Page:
Downsizing

Studio: Paramount
Directed by Alexander Payne

Dec 20, 2017 Web Exclusive
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Overpopulation is rapidly driving our planet towards an extinction-level event. As a last ditch resort to save humanity, scientists in a Norwegian lab have come up with a drastic, yet promising solution: they’ll shrink humans down to a tiny portion of their normal size. If mankind averages five inches in height, civilization’s impact on the Earth will become dramatically smaller. People are skeptical at first, but who wouldn’t be?

The leading factor convincing everyday people to “get small,” of course, is money. In the tiny world, one dollar will buy a thousand’s worth of most products, simply because not nearly as much is needed. (The same amount of gold that goes into one regular, human-sized ring will produce hundreds of small-sized rings, and so forth.) And so, once the opportunity is presented for a regular, middle-income American to retire and live the life of extreme luxury on only their meager savings, people world-wide begin lining up to undergo the shrinking procedure. That’s where Paul (Matt Damon) and Audrey Safranek (Kristen Wiig) enter our story. An average, middle class American couple tired of scraping to get by, the two sign up to downsize and embark on a new life in a tiny, southwestern utopia called Leisureland.

Downsizing, from director Alexander Payne, has a very old-fashioned feel to it. This sort of high-concept, slightly ludicrous-feeling science fiction was commonplace in the 1950s, but then petered out by the end of the 1970s. (Downsizing’s premise of decreasing humans to stave off overpopulation was actually used before in the 1980 Lily Tomlin comedy, The Incredible Shrinking Woman.) There’s a lot of spectacle to be found in the film, and there’s a joy in seeing the tiny world juxtaposed against our normal one, rendered humongous in comparison. While the idea of humanity shrinking down to doll-sized feels very cheesy in concept, when watching the film it's quite the contrary – and that’s a huge achievement for Payne and his team.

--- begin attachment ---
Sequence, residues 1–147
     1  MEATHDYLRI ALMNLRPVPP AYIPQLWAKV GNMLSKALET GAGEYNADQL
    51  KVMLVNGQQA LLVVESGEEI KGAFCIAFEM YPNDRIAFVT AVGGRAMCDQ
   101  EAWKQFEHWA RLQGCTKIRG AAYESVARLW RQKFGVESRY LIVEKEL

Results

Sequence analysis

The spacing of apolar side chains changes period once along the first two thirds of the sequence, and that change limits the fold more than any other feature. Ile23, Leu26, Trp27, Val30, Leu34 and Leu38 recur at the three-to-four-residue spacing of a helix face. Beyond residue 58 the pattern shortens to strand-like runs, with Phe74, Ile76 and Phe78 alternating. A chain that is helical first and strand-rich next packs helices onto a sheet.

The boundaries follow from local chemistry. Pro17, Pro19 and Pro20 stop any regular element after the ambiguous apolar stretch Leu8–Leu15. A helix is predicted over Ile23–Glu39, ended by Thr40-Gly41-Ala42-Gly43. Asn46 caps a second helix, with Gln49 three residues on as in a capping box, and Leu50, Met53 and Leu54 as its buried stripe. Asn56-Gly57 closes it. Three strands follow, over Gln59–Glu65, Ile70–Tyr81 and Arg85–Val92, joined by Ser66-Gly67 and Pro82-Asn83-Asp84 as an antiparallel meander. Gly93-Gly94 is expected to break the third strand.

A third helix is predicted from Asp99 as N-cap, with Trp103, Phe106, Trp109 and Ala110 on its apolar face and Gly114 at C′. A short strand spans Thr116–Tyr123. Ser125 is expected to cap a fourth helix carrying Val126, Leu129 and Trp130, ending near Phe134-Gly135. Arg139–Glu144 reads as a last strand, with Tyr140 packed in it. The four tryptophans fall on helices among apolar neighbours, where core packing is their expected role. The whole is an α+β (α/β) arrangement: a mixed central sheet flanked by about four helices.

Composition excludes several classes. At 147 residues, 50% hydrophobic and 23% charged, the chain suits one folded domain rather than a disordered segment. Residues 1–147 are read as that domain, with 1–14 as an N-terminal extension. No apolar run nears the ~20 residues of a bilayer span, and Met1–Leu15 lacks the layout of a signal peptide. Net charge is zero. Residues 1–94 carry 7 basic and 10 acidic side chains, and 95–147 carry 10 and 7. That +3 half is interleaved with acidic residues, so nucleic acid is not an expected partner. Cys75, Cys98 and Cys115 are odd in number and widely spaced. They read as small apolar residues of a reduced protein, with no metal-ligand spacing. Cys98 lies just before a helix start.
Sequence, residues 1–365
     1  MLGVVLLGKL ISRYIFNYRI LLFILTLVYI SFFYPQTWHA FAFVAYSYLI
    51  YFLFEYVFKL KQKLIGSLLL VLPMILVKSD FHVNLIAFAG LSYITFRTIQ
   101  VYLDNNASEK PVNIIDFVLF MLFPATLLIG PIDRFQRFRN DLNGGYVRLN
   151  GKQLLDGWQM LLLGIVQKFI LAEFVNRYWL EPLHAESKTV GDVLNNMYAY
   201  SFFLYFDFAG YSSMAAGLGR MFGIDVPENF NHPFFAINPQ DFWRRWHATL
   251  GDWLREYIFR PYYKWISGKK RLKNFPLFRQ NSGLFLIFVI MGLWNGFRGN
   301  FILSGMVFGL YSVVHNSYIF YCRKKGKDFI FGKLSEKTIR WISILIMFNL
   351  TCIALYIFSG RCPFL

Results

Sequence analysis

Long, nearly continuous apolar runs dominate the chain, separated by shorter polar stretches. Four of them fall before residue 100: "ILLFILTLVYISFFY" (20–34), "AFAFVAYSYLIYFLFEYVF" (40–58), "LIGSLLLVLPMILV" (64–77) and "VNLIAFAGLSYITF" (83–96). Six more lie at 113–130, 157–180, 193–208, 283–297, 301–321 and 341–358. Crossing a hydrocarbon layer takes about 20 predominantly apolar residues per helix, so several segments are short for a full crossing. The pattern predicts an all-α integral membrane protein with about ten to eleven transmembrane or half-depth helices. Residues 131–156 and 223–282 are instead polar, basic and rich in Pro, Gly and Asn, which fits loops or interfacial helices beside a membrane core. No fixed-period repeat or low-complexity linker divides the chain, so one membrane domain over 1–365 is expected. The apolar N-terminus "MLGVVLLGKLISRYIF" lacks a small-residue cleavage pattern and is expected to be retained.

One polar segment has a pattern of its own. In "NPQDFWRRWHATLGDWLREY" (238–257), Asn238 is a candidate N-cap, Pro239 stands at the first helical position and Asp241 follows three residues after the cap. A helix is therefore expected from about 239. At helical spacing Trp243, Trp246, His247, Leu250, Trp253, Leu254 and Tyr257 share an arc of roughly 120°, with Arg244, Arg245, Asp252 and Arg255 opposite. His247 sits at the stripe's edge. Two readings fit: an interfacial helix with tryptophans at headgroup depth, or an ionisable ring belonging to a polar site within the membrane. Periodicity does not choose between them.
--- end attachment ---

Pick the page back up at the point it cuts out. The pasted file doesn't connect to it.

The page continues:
Where the movie really succeeds, though, is in the story that plays out once our hero, Paul (Damon), has already shrunk. Because the little world is built to the scale of its population, it’s easy to forget that everyone in it is so small compared to the larger world around them. Once we’ve entered the dome-covered Leisureland, we’re given very few reminders that 95% of humanity is still normal-sized – the downsized humans live in a figurative bubble, as well as a physical one. From this point on, the story is less about Paul being small, but about his adapting to life in a new world that’s remarkably similar to our own. 

Downsizing boasts a stellar supporting cast, with Hong Chau, Christoph Waltz, and Udo Kier leading an ensemble that also includes Jason Sudeikis, Neil Patrick Harris, Laura Dern, and Margo Martindale. A touching piece of high-concept science fiction with a twisted sense of humor, Downsizing is one of the year’s most enjoyable movies. 

Author rating: 8/10

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Average reader rating: 5/10



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house cleaners in lynnwood
December 22nd 2017
10:45am

This movie is definitely on the list of things to do for before the new years. After reading your review, I want to go watch it even more. Watching a movie these days is a luxury for me, especially with my house cleaning business and a new baby. But this looks like a movie that’s worth spending my time on. Thanks